Etymology
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black comedy (n.)

1961, "comedy that deals in themes and subjects usually regarded as serious or taboo," from black (adj.), in a figurative sense of "morbid," + comedy. Compare French pièce noire, also comédie noire "macabre or farcical rendering of a violent or tragic theme" (1958, perhaps the inspiration for the English term) and 19th-century gallows-humor. In a racial sense, from 1921.

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multiple (adj.)

"involving many parts or relations; consisting of more than one complete individual," 1640s, from French multiple (14c.), from Late Latin multiplus "manifold," from Latin multi- "many, much" (see multi-) + -plus "-fold" (see -plus).

The noun is from 1680s in arithmetic, "a number produced by multiplying another by a whole number," from the adjective. Multiple choice in reference to a question in which the subject selects an answer from several options is attested by 1915. Multiple exposure "repeated exposure of the same frame of film" is recorded by 1891. In psychology, multiple personality is attested by 1886. The chronic, progressive disease multiple sclerosis is so called by 1877, because it occurs in patches (see sclerosis).

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tome (n.)

1510s, "a single volume of a multi-volume work," from French tome (16c.) or directly from Latin tomus "section of a book, tome," from Greek tomos "volume, section of a book," originally "a section, piece cut off," from temnein "to cut," from PIE root *tem- "to cut." Sense of "a large book" is attested from 1570s.

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Mongoloid 

1868, adj. and noun, as a racial designation, literally "resembling the Mongols," from Mongol + -oid. Compare Mongolian. In reference to the genetic defect causing mental retardation (mongolism), by 1899, from the typical facial appearance of those who have it. See Down's Syndrome. Such people were called Mongolian from 1866. 

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*mel- (2)

Proto-Indo-European root meaning "strong, great." It forms all or part of: ameliorate; amelioration; meliorate; melioration; meliorism; multi-; multiform; multiple; multiply; multitude. It is the hypothetical source of/evidence for its existence is provided by: Greek mala "very, very much;" Latin multus "much, many," melior "better."  

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Mongolian 

1738 (adj.) "pertaining to Mongols;" 1839 (n.) "the language of the Mongols," 1846 "a native of Mongolia;" from Mongol + -ian. As a racial classification for Asiatic peoples (including Chinese, Japanese, Turks, Vietnamese, Lapps, Eskimos, etc.) "belonging to the yellow-skinned straight-haired type of mankind" [OED] in J.F. Blumenbach's system, it is attested in English by 1825 in translations of his works.

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assimilationist (n.)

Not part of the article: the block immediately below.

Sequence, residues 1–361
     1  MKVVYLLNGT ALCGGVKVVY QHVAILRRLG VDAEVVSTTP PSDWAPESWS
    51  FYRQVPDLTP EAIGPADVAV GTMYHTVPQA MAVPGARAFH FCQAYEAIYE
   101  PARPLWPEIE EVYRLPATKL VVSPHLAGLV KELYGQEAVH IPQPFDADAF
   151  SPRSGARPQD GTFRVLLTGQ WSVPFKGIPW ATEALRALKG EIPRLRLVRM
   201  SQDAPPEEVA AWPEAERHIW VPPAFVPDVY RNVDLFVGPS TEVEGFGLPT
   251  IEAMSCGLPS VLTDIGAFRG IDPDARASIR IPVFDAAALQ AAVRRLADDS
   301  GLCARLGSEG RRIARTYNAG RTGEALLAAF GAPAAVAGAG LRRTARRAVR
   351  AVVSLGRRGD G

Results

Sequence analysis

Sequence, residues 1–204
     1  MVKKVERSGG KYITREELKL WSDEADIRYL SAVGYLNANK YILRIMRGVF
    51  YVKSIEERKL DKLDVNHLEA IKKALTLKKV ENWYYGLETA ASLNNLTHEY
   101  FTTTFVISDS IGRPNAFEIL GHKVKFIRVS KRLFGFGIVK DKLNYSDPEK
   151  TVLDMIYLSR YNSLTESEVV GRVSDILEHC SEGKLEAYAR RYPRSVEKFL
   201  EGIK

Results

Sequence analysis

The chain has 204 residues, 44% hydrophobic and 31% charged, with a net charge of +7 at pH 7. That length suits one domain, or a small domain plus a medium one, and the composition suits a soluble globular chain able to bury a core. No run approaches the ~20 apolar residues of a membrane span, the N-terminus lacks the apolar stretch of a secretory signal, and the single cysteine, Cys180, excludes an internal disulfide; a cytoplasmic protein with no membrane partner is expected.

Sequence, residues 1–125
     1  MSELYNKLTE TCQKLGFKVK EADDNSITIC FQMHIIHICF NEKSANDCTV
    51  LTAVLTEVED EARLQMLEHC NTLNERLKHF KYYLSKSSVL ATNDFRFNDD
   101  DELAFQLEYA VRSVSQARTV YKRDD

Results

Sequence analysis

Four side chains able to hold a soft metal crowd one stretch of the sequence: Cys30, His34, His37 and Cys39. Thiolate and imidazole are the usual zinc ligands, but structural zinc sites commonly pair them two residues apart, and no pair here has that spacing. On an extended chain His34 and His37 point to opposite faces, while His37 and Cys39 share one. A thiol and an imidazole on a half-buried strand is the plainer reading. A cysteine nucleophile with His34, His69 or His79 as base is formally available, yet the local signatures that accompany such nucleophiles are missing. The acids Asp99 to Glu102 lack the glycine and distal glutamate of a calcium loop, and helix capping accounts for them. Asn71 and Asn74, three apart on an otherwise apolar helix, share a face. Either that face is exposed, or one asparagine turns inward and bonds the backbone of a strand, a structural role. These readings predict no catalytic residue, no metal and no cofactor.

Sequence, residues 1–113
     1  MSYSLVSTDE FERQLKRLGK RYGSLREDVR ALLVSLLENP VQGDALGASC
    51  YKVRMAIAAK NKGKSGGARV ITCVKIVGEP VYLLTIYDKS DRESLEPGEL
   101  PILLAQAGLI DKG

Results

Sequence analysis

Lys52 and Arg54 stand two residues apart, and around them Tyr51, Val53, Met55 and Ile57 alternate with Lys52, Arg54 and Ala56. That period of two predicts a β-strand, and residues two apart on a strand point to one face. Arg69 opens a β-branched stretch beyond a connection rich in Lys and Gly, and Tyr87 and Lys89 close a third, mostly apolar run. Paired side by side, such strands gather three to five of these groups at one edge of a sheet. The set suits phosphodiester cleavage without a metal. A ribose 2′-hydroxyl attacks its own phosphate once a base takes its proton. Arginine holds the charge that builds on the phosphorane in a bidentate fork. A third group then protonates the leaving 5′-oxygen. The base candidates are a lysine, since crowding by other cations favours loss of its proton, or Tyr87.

"one who advocates racial or ethnic integration," 1900, originally in reference to Hawaii and possessions obtained by the U.S. in the war against Spain; later with reference to Jews in European nations; see assimilation + -ist. In Portuguese, assimilado (literally "assimilated," past participle of assimilar) was used as a noun of natives of the Portuguese colonies in Africa who were admitted to equal rights and citizenship.
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Seven Sisters 
"the Pleiades," early 15c. (see Pleiades), seven daughters of Atlas and Pleione, placed among the stars by Zeus. The Pleiades also are known as the Seven Stars (see seven). As a late-20c. name for the major multi-national petroleum companies, it is attested from 1962. They were listed in 1976 as Exxon, Mobil, Gulf, Standard Oil of California, Texaco, British Petroleum, and Royal Dutch Shell.
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chino (n.)

type of cotton twill cloth, 1943 (chinos, in reference to clothing made of this), from American Spanish chino, literally "toasted;" so called in reference to its usual color. Earlier (via notion of skin color) chino meant "child of one white parent, one Indian" (fem. china), perhaps from or altered by influence of Quechua čina "female animal, servant." Sources seem to disagree on whether the racial sense or the color sense is original.

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scherzo (n.)

in music, "passage or movement of a light and playful character," 1852, from Italian scherzo, literally "sport, joke," from scherzare "to jest or joke," from a Germanic source (compare Middle High German scherzen "to jump merrily, enjoy oneself," German scherz "sport"), from PIE *(s)ker- (2) "leap, jump about." Especially the lively second or third movement in a multi-movement musical work. Scherzando in musical instruction is the Italian gerund of scherzare.

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